A study evaluating the utility of novel imaging biomarkers (radiomics) to distinguish patients with stage 3 NSCLC may be able to predict who will benefit from treatment from those likely to progress despite therapy. This study was presented at the American Society of Clinical Oncology (ASCO) Annual Meeting, which was held virtually 4-10 June, 2021 . Physician’s Weekly spoke with presenter and researcher Dr. Khalid Jazieh, Cleveland Clinic, Ohio.
An Unmet Need
“We currently treat stage 3 non-small cell lung cancer (NSCLC) with chemoradiation followed by durvalumab consolidation. However, we don’t know who will benefit most from this regimen, and there are no robust biomarkers available at this time. All patients with inoperable stage 3 non-small cell lung cancer get the same treatment: chemoradiation, followed by a year-long course of durvalumab immunotherapy. Durvalumab is an anti PD-1 agent… this is the standard of care for everybody, regardless. There is nothing really that has been shown to predict who will do well with this and who will not do well with this.
Of course, there can be toxicity associated with immunotherapy. So you are talking about a year long course of maintenance therapy with associated risks and we do not know who is going to respond to it and who does not. So in an attempt to try to avoid harm -really, that is what it is- is can we see who will do well with the durvalumab and who is going to recur and probably needs another alternative form of treatment? This was the whole point of this was to really identify who would do well with durvalumab maintenance therapy and who would not, basically to predict response to durvalumab.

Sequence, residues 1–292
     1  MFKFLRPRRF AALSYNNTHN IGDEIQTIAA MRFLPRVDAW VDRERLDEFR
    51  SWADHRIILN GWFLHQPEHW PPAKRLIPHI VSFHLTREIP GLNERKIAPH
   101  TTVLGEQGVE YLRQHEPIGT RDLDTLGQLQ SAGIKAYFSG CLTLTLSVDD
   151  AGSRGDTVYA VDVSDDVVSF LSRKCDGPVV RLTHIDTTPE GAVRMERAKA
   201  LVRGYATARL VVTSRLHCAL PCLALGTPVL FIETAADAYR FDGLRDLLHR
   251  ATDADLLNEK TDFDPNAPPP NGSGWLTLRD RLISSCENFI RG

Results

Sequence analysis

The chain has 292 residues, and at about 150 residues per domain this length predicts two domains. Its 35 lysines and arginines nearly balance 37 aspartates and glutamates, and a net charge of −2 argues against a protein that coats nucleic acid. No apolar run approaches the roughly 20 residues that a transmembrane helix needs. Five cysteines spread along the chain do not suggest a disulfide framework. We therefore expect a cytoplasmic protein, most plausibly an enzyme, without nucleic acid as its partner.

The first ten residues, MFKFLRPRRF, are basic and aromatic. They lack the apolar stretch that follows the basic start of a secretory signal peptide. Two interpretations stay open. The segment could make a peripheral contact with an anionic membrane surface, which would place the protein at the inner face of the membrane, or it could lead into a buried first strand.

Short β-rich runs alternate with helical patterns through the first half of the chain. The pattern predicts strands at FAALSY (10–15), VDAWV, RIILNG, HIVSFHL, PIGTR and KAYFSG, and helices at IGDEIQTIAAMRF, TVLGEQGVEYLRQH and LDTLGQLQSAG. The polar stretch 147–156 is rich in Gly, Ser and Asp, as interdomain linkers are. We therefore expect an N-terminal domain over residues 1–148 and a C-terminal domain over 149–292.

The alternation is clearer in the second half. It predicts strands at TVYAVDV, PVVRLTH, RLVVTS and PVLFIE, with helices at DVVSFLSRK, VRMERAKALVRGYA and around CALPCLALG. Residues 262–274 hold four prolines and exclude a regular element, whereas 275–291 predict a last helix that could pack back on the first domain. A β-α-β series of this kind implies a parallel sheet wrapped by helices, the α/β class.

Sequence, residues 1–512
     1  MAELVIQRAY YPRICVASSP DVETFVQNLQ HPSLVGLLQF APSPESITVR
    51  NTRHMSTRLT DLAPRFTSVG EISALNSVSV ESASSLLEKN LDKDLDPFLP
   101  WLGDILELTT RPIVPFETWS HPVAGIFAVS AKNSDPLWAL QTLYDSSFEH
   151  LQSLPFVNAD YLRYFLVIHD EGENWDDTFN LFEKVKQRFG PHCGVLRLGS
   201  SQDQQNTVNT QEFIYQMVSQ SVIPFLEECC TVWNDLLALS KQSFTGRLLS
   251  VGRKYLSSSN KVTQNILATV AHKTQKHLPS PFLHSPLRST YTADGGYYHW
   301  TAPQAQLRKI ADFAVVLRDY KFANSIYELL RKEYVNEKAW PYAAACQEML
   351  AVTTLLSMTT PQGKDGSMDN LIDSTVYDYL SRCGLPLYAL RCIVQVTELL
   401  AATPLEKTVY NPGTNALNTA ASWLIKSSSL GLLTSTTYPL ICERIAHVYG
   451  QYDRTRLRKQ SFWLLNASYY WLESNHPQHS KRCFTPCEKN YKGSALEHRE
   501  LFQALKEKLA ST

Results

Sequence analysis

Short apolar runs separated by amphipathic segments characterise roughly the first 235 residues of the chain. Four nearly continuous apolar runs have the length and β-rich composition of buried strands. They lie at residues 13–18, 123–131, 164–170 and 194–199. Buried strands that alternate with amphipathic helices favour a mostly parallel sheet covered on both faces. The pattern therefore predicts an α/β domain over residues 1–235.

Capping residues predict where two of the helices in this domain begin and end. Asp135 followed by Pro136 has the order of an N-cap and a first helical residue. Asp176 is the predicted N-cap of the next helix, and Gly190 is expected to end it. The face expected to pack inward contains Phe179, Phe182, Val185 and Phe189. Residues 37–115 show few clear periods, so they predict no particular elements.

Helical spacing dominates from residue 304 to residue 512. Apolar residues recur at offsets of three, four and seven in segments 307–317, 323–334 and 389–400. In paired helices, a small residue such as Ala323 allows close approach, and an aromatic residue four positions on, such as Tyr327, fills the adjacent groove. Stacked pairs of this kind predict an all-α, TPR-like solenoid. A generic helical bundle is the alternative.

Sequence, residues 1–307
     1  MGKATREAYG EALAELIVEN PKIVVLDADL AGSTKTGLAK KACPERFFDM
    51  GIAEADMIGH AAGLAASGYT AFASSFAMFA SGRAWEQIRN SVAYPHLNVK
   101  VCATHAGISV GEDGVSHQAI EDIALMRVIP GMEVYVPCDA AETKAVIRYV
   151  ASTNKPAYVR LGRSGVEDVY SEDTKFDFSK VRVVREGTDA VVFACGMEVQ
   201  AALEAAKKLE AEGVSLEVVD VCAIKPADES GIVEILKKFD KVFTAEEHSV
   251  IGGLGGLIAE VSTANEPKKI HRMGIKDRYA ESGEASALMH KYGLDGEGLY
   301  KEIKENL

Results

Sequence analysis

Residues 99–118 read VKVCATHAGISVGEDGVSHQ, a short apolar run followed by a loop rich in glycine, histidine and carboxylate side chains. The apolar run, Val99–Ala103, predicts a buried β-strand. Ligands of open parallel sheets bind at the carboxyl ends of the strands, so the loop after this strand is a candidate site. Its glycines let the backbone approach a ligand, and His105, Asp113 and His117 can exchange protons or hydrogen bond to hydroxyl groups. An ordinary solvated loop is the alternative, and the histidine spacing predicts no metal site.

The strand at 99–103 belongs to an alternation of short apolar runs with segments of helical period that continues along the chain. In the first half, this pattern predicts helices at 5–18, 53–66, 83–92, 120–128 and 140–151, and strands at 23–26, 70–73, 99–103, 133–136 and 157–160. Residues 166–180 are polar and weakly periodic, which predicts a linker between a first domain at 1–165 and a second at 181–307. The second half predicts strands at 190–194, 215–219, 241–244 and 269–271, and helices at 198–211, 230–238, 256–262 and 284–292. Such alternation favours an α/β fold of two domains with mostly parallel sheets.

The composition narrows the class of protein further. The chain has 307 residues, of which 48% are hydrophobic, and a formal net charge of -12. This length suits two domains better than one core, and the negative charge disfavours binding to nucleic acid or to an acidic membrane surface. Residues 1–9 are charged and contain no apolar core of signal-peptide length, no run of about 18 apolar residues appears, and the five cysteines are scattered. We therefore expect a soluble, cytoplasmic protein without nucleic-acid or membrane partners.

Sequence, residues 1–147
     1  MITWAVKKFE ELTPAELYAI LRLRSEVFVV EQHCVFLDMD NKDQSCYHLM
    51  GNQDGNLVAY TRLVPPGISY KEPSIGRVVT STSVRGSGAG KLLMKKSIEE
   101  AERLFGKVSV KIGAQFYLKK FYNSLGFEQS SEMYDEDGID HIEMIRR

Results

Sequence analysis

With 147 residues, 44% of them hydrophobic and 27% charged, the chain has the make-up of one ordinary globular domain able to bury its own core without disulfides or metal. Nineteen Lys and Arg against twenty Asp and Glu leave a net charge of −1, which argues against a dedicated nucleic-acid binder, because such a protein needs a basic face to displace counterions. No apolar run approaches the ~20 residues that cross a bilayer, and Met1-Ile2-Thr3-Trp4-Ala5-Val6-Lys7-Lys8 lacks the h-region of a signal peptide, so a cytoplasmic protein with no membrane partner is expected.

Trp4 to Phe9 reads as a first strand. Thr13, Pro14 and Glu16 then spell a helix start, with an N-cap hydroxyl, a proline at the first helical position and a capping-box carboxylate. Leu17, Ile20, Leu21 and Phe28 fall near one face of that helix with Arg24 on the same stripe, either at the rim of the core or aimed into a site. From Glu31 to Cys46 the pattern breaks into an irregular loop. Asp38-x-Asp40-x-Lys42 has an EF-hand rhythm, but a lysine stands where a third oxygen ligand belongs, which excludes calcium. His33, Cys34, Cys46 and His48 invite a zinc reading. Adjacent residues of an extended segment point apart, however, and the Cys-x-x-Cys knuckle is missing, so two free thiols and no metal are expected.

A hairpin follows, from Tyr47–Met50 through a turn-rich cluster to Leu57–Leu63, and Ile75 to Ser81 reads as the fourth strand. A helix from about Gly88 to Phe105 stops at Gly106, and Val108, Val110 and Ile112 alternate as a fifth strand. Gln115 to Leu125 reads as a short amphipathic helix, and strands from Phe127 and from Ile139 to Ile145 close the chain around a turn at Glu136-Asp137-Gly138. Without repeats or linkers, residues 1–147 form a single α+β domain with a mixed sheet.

We asked ourselves whether the radiomics data collected from these patients might assist us in generating an algorithm to identify those patients who do really well for this regimen, but also, importantly, seek alternative strategies for patients who will not respond to this particular therapeutic approach.”
A Look at the Study
“We took 118 patients with stage 3 NSCLC treated at our center who were treated with chemoradiation and durvalumab between July 2017 – July 2019, and for whom we had good imaging data available. We randomly split them into 2 groups, a training set (n=59) and a test set (n=59). The training set radiomics data was handed to our computational imaging diagnostics lab at Case Western University, who performed analyses to distinguish between patients who recurred and those who did not. That formed the basis of algorithm consisting of 1,542 radiomic features capturing both intra- and peritumoral texture pattern, essentially radiomic features that were more present in their images of patients who had recurred. And then based on the extent of expression of these radiomic features associated with recurrence, they gave patients either a high risk score or a low risk score based on the median overall score. Those who expressed more radiomic features were identified as having a high radiomics risk score and those who expressed fewer radiomic features, were given a lower radiomics risk score.